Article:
How digital technology creates the potential for radical change in the grocery market – and the way state benefits are managed
Digital technologies create the potential for radical change in both the grocery market and the way state benefits are managed, says Mark Essex. Combining these two ideas could help improve the nation’s diet, cut public spending and food waste, and diminish the need for foodbanks.
In Britain, according to a 2015 House of Lords inquiry, we throw away 14m tonnes of food every year. Yet many people don’t have enough to eat, and many food banks say they’re experiencing fast-rising demand. This is outrageous.
I think there is a way through this.
In January this year I shared my vision for a new business model for grocers. It would see families avoiding the hassle of the weekly shop, menu planning and making shopping lists. Instead, they would have a grocery subscription. Families would pay a monthly fee to receive regular food deliveries, tailored to fit their lifestyle, preferences and weekly schedule, and delivered in reusable packaging to cut costs and protect the environment. The idea is essentially a comprehensive version of the vegetable boxes now available. I think it’s the future for time-poor households.
In our recent piece on benefits sacrifice, Bethan Ferguson and Ian Gravestock described how using government’s buying power could help benefits claimants get a better deal on energy and other bills. The idea involves people voluntarily sacrificing some of their benefits, enabling the government to aggregate their buying power and access bulk discounts. The savings would then be shared between individuals and the taxpayer.
What if we applied that thinking to food, and persuaded retailers to develop a food subscription package for every budget? What if retailers took advantage of eliminating inventories and lower transaction costs to offer a special deal to families in receipt of means-tested benefits? Of course they’d have to allow for specific dietary requirements, but a more standardised package would be a strong incentive to offer discounts.
If retailers could produce a monthly food subscription for, say, £200 per month, then the government could offer predictable sales volumes contracted in advance. This could be worth a further discount, enabling government to offer that subscription to families in exchange for a benefits cut of, say, £150 – whilst keeping enough of a saving back to return something to the taxpayer.
Maybe the retailer could include some vegetables which don’t meet the most demanding customer requirements? I’m heartened to see a market developing for ‘wonky veg boxes’; in exchange for spending a few extra seconds peeling, families could access more affordable healthy food.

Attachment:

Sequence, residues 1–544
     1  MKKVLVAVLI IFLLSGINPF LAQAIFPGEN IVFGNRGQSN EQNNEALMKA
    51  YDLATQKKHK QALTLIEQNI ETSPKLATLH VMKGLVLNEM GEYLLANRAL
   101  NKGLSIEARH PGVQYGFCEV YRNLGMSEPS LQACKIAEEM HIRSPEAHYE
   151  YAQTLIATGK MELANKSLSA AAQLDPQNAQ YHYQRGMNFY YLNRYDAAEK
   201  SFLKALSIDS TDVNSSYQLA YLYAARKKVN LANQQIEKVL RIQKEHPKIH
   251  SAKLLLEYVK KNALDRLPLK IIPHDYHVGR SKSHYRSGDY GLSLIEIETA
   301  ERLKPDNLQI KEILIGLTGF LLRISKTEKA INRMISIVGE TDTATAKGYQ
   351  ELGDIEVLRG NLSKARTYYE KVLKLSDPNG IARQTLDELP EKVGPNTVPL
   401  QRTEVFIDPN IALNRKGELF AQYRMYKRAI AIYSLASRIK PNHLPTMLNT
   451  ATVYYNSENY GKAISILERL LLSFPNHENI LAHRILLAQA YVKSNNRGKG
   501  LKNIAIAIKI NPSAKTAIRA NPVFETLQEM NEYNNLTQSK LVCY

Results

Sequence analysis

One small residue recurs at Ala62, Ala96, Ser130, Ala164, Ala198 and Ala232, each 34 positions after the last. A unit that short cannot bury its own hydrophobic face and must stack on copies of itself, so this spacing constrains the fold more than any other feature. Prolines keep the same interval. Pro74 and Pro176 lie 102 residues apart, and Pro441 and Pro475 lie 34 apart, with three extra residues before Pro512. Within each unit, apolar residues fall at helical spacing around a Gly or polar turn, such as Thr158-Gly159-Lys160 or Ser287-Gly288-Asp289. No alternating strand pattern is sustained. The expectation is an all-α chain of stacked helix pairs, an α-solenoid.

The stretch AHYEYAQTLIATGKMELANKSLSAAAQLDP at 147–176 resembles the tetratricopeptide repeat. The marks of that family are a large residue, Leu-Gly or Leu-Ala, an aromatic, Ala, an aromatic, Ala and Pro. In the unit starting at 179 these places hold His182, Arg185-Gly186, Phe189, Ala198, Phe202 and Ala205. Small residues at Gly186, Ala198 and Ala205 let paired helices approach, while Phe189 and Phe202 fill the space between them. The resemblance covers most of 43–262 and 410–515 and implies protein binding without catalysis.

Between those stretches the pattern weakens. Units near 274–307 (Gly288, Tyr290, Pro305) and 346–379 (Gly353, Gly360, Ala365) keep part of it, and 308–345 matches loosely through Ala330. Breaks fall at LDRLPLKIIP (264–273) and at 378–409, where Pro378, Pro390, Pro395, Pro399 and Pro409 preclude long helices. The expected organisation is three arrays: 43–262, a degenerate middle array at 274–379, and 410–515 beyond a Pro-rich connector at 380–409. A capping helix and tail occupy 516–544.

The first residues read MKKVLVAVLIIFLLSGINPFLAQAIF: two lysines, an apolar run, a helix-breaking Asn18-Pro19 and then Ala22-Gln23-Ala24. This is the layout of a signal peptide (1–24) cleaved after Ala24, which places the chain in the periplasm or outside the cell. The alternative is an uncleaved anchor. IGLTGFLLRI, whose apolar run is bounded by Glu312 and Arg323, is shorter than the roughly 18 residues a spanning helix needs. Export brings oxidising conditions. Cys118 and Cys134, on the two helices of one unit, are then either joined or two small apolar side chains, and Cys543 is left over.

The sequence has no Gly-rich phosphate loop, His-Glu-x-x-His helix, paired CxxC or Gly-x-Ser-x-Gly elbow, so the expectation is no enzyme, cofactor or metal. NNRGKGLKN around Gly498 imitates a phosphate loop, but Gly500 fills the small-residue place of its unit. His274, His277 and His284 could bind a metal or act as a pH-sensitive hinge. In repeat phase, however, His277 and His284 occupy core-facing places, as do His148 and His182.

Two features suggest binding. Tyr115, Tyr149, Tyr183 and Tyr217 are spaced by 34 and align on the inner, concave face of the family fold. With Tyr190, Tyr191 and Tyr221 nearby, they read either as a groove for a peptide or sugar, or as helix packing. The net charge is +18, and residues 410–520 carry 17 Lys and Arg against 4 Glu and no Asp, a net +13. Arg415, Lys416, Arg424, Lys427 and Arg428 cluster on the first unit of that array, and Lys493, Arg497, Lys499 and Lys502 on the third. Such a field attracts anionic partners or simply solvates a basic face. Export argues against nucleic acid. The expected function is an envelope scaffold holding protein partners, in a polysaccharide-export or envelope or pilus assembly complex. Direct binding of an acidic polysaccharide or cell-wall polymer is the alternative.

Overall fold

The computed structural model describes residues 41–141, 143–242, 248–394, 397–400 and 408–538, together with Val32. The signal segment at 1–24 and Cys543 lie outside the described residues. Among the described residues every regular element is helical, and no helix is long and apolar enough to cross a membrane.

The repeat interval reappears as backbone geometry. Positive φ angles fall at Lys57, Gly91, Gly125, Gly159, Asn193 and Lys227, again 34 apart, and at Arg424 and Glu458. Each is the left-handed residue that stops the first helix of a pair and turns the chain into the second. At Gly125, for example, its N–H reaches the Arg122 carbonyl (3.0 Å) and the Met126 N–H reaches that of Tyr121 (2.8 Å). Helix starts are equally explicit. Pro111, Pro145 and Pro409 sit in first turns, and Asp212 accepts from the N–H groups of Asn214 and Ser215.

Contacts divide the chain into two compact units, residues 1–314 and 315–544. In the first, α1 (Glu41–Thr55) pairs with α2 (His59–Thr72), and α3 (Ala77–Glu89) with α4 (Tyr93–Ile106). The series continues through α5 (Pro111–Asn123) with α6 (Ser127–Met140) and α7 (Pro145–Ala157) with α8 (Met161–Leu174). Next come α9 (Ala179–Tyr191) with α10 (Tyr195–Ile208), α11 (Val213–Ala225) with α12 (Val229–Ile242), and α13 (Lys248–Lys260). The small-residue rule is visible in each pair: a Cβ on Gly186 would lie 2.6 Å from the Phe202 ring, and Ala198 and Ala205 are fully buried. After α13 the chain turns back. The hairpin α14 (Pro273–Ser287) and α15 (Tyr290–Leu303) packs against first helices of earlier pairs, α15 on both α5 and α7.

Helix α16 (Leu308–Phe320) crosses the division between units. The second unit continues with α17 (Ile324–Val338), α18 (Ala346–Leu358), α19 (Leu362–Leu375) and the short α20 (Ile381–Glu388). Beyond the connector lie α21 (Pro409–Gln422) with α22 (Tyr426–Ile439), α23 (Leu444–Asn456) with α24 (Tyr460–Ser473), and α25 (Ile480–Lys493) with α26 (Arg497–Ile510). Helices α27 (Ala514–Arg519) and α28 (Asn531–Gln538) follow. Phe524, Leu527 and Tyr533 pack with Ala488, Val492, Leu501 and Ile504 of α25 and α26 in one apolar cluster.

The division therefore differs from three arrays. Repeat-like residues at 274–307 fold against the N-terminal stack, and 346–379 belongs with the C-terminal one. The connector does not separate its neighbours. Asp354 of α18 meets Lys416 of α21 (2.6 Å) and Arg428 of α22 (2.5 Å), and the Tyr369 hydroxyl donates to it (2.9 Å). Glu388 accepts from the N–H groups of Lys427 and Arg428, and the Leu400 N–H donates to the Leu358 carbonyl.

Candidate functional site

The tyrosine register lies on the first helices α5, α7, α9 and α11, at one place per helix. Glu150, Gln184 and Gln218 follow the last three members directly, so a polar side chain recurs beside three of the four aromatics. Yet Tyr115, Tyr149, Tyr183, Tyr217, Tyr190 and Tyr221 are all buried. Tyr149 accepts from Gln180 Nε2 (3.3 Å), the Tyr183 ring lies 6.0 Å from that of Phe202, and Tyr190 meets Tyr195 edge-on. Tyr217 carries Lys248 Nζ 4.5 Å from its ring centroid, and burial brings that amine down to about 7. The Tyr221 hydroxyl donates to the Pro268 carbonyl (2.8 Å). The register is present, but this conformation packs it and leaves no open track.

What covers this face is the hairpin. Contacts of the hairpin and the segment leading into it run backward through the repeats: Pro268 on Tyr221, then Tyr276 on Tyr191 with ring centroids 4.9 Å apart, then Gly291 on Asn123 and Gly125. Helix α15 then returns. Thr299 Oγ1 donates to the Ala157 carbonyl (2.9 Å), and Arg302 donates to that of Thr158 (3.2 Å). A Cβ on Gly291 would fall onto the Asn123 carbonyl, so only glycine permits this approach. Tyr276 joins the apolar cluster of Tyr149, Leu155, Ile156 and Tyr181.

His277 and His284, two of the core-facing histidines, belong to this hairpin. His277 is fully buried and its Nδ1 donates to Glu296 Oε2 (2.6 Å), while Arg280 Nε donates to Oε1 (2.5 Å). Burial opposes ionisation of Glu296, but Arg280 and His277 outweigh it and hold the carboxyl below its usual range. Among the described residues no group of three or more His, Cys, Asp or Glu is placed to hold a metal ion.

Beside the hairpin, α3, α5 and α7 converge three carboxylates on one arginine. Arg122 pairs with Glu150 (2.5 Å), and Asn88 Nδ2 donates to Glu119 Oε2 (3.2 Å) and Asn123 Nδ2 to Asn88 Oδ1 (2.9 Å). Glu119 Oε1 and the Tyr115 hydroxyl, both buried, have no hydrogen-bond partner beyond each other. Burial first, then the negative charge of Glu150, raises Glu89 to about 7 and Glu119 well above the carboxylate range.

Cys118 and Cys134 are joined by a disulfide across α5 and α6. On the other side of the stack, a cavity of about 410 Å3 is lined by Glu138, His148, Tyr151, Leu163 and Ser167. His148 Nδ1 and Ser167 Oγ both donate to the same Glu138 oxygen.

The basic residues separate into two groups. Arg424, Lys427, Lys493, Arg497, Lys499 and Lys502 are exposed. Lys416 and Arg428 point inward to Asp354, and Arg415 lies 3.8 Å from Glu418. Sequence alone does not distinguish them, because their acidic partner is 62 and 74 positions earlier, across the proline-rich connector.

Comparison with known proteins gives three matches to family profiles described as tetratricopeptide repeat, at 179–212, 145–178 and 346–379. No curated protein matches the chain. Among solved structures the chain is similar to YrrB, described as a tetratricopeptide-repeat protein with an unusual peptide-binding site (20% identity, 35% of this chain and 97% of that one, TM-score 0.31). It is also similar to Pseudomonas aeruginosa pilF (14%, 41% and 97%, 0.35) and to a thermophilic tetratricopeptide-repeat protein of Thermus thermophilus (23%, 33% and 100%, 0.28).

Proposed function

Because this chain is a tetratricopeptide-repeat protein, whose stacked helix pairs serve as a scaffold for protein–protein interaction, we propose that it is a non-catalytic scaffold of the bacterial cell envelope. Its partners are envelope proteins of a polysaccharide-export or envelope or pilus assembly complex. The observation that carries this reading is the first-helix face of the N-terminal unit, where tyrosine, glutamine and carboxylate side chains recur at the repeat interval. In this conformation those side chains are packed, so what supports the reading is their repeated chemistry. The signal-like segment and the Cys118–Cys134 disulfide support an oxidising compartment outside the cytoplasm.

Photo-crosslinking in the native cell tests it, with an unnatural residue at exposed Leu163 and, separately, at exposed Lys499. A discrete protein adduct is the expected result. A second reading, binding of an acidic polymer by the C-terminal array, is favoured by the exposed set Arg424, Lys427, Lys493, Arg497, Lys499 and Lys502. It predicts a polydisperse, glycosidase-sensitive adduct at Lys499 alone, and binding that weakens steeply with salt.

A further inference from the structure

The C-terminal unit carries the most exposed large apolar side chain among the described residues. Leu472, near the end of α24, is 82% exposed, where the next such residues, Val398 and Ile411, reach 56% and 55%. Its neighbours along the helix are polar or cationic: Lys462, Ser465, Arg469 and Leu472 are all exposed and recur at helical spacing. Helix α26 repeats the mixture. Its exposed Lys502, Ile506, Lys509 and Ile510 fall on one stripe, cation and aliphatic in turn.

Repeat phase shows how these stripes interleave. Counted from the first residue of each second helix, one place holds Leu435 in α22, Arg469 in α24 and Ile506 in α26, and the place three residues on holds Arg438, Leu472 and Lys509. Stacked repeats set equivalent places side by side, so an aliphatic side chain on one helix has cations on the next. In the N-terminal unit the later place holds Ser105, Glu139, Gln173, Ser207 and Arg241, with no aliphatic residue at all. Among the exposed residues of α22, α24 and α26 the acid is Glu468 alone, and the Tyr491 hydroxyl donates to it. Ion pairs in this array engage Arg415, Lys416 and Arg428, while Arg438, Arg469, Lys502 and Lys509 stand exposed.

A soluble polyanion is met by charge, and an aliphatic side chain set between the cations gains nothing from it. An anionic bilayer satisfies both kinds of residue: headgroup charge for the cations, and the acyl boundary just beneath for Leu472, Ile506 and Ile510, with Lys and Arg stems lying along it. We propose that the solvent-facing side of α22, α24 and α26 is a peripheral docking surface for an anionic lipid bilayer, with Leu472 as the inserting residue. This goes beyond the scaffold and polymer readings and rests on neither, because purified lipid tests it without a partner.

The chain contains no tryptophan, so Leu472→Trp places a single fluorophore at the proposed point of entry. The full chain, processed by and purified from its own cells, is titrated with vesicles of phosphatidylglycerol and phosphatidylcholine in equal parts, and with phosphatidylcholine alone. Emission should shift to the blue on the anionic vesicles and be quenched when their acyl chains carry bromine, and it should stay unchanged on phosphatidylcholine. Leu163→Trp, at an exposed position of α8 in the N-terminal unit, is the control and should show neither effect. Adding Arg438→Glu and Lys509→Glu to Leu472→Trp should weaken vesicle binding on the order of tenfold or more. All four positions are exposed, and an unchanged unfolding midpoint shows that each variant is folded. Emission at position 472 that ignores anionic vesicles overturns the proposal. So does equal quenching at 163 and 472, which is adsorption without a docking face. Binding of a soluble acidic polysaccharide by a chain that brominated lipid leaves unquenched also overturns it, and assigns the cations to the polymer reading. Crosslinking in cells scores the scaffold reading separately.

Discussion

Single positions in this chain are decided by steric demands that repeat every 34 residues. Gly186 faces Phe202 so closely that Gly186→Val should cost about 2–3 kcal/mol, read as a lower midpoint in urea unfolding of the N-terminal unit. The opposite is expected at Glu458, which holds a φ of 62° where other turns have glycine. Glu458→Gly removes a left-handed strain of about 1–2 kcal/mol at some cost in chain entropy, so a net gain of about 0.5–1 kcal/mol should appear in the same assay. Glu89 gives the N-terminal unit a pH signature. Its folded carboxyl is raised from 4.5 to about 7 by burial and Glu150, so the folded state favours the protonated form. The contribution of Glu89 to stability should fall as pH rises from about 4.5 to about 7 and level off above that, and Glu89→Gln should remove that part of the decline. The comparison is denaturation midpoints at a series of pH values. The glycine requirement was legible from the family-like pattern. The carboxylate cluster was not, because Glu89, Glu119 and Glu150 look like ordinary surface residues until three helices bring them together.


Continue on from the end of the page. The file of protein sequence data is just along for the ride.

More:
Talking of healthy, we frequently hear complaints that cheap food is often highly processed, with added sugar and salt. Could we take advantage of economies of scale and predictable demand to provide healthier food for families trying to feed themselves on small budgets? We aren’t talking about rationing – but some techniques from that era could be useful. If lots of people in a region are eating similar food subscriptions during a particular week, will we see TV programmes and recipes produced about how to make a range of meals with this week’s ingredients?
What else is in it for retailers? Customer acquisition: if families like the food they receive and the service they’re provided with, then as people move off benefits into work they may choose to sign up to the supermarket’s regular or premium subscription models – and the retailer has recruited a customer.
What’s in it for families? Healthy food arrives each week, no matter what other demands are placed on the budget, and no debt is allowed to come above food in the pecking order.What’s in it for government? Potentially, this has significant public health benefits, helping to tackle rising rates of obesity and diabetes. Reduced packaging could see a reduction in landfill and, perhaps, public refuse collection costs. And the concept could help to ensure that poorer families never find their cupboards bare, reducing the need for food banks.
Just because an idea makes sense, that doesn’t mean it’ll be taken up. But it’s interesting to see how, if we follow a line of reasoning on the development of two very different areas of activity, synergies emerge that could produce further benefits. So we’ll keep on thinking about how disruptors might apply digital technologies to address our social, public and political priorities.
Why? Because in a world in which we are becoming used to constant change and in which innovators can access crowd-funding and reach markets at scale through digital channels, new useful ideas can take hold very quickly: often, the only limiting factors are our ambition and our imagination.